About three times the size of Texas, Mexico is a vast territory. But although many think they know Mexico, they’re missing out on many aspects that make it such a great place to live for expats.
1. It’s easy to get residence in Mexico or live there without one
It’s said there are 2 million U.S. expats living in Mexico. And one of the main reasons is that the Mexican government makes it easy for foreigners to stay for extended periods.
A tourist visa, given to you automatically at the airport in Mexico or at any land border crossing, gives you 180 days. Many expats, especially those who live part- time in their home country and part- time in Mexico, go this route.
If you plan to relocate permanently to Mexico, your best course of action is to get a temporary (good for up to four years) or permanent residence visa, which are easy to qualify for. This gives you access to the government-managed healthcare system and other benefits.
2. Mexico is so much more than the beach
For many people around the world, a trip to Mexico is all about the beach. It stands to reason as Cancún, Puerto Vallarta, and Cabo San Lucas are among the most visited areas of Mexico, if not the Americas.
But Mexico also features one of the globe’s major metropolitan areas, Mexico City, a hotbed of art and culture.
There are also grand colonial cities (many of which are UNESCO World Heritage sites) like San Miguel de Allende, Mérida, Campeche, and others, where you can walk on cobblestone streets and wander grand homes built centuries ago. And that’s just a start of architectural and natural wonders found in Mexico.
3. Mexico is a modern country
One of the major benefits of living in Mexico is that just about any modern amenity you might want…you can get. High-speed internet, including fiber optic, is available. Cable TV includes options for sports and movie channel packagers. The cellphone network is widespread and reliable, including 3G, 4G, and LTE.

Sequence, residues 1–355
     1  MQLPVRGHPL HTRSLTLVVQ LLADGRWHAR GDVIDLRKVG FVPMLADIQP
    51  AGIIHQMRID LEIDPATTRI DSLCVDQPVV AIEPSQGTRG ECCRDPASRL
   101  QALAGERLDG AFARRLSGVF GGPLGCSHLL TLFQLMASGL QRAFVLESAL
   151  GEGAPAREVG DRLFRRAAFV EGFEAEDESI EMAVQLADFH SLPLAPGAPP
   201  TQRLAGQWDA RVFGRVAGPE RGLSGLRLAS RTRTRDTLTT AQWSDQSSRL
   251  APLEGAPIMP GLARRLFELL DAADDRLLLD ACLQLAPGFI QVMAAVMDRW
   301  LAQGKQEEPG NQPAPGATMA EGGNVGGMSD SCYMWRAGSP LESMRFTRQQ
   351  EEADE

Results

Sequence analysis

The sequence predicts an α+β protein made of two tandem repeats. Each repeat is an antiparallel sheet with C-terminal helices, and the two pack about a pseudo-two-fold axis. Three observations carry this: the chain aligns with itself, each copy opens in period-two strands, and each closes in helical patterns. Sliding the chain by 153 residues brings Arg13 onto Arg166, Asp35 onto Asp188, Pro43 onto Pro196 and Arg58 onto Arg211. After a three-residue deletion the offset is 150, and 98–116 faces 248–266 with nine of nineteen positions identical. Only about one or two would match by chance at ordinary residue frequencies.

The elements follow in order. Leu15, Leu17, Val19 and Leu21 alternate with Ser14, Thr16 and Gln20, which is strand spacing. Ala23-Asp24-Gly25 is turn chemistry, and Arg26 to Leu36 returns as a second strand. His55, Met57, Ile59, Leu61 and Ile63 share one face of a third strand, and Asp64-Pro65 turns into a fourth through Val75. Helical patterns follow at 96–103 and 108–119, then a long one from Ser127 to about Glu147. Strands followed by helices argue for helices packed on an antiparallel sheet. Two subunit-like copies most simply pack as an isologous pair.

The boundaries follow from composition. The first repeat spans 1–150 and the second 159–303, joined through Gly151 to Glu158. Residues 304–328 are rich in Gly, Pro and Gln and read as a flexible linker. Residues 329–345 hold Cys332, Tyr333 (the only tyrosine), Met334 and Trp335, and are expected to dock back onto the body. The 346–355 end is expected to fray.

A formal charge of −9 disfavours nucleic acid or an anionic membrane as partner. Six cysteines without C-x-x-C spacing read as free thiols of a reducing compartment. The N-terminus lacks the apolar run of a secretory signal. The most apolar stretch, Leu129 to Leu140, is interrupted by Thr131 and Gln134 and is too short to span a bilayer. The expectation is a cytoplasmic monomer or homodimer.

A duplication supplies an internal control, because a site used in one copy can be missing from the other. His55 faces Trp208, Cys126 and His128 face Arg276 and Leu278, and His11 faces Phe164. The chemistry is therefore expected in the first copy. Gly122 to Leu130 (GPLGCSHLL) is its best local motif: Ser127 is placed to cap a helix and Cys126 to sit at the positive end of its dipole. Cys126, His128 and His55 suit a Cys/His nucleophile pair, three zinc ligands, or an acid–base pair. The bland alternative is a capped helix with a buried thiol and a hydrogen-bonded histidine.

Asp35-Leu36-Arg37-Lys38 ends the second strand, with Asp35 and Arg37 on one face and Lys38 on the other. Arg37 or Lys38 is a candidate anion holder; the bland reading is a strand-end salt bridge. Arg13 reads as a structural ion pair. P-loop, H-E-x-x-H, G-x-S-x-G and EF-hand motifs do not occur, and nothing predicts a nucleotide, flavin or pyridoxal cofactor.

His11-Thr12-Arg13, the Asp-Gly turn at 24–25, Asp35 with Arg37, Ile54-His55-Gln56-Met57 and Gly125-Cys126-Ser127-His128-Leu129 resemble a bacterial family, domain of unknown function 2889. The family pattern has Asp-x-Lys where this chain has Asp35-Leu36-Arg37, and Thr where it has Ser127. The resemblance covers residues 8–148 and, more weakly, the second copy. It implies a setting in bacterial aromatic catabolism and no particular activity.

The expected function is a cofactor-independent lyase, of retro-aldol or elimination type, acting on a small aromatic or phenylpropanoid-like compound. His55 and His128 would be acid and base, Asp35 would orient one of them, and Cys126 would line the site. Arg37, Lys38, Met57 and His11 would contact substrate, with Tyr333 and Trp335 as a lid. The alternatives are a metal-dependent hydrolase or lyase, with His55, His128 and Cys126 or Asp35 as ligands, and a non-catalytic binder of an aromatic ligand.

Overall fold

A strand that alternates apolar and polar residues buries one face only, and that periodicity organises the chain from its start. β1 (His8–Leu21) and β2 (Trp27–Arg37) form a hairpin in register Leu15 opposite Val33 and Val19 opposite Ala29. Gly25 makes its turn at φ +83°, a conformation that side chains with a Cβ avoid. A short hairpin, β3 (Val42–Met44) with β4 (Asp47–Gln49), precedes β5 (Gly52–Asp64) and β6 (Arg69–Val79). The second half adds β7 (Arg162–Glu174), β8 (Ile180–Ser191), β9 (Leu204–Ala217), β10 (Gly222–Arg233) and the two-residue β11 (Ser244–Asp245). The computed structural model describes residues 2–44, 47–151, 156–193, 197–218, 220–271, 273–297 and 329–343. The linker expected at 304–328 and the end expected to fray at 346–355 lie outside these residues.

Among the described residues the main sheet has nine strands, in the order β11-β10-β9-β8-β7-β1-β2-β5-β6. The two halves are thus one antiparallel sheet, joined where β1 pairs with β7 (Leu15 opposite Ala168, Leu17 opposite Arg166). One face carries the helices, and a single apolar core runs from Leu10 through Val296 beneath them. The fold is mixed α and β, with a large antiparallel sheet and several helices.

There are multiple international airports, world-class medical care, a well-maintained highway network, a thriving craft beer and fine wine scene, gourmet restaurants, gleaming shopping malls, and more.
4. Mexico offers a wide range of cuisine
“Tex-Mex” cuisine found in most so-called Mexican restaurants in the U.S. is pretty tasty in its own way. But the authentic cuisine you’ll find in the country is very different…and delicious.
You can stop in to corner taco stands that open up in the evening to enjoy tacos al pastor: a Central Mexican dish that feels like a mix of a traditional taco and a Lebanese shawarma kebab. In the seaside areas especially, dishes like ceviche or tostadas topped with fresh tuna, shrimp, or other seafood goodies are popular.
Oaxaca, in southern Mexico, is famous for mole, a rich sauce blending chocolate, chili peppers, spices, and more. On the Yucatán, the Maya influence has brought forth dishes like cochinita pibil (marinated pork) and lime soup.
5. Mexico has a rich history and culture
Visit any major Mexican city or small village and you’ll see a blend of the modern world and ancient traditions.
Mexico is firmly marching into the future. But it always keeps a strong hold on its past. A gleaming modern metropolis could have sprung up around a colonial centro. Right alongside teenagers scanning their smartphones, might be a grandmother selling corn tortillas handmade at her home that day.
Most towns have seemingly a civic or religious celebration every week: parades, fireworks, processions, and pilgrimages. But then you’ll also find hip art galleries, independent film festivals, and the world’s biggest acts showcasing concerts in stadiums and arenas.
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